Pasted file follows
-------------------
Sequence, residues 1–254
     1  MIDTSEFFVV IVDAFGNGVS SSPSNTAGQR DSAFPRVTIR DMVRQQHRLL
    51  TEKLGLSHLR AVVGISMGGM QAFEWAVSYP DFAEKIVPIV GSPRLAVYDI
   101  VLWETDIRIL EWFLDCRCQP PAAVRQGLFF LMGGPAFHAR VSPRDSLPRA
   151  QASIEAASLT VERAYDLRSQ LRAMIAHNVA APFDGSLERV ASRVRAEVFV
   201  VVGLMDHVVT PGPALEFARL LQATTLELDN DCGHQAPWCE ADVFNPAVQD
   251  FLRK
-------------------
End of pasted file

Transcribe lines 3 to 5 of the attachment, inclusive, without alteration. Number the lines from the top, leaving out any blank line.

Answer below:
    51  TEKLGLSHLR AVVGISMGGM QAFEWAVSYP DFAEKIVPIV GSPRLAVYDI
   101  VLWETDIRIL EWFLDCRCQP PAAVRQGLFF LMGGPAFHAR VSPRDSLPRA
   151  QASIEAASLT VERAYDLRSQ LRAMIAHNVA APFDGSLERV ASRVRAEVFV